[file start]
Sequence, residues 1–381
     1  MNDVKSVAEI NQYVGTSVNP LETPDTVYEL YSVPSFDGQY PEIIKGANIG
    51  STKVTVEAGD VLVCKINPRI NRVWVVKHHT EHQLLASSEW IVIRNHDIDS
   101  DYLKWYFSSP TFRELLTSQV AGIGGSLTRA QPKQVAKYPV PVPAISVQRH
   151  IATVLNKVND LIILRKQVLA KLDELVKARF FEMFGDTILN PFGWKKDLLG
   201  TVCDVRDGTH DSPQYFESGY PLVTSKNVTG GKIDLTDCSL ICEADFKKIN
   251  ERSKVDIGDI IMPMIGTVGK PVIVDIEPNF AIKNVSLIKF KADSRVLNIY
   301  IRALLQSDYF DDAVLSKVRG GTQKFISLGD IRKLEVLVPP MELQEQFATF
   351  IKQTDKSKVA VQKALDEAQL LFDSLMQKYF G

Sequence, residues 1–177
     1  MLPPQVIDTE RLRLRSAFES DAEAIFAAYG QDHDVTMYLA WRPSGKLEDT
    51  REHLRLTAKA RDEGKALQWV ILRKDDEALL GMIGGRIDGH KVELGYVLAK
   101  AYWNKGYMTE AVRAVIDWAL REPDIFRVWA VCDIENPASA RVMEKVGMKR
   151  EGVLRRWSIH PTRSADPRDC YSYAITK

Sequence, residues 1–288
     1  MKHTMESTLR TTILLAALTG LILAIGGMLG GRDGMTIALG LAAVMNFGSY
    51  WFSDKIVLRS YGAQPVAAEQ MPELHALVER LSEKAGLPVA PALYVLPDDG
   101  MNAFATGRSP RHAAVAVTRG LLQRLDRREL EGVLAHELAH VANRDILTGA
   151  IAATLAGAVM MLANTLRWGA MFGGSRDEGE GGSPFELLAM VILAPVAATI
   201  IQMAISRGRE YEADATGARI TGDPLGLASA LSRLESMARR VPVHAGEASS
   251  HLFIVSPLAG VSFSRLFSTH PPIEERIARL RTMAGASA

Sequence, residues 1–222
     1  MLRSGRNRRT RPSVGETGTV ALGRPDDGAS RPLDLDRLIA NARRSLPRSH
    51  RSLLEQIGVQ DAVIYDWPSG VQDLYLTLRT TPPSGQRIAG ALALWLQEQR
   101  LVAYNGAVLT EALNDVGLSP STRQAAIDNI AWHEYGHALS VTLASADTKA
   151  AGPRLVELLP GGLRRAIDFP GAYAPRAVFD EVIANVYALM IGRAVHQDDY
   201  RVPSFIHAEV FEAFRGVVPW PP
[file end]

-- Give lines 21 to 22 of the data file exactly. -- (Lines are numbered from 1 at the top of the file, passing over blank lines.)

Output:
   251  HLFIVSPLAG VSFSRLFSTH PPIEERIARL RTMAGASA

Sequence, residues 1–222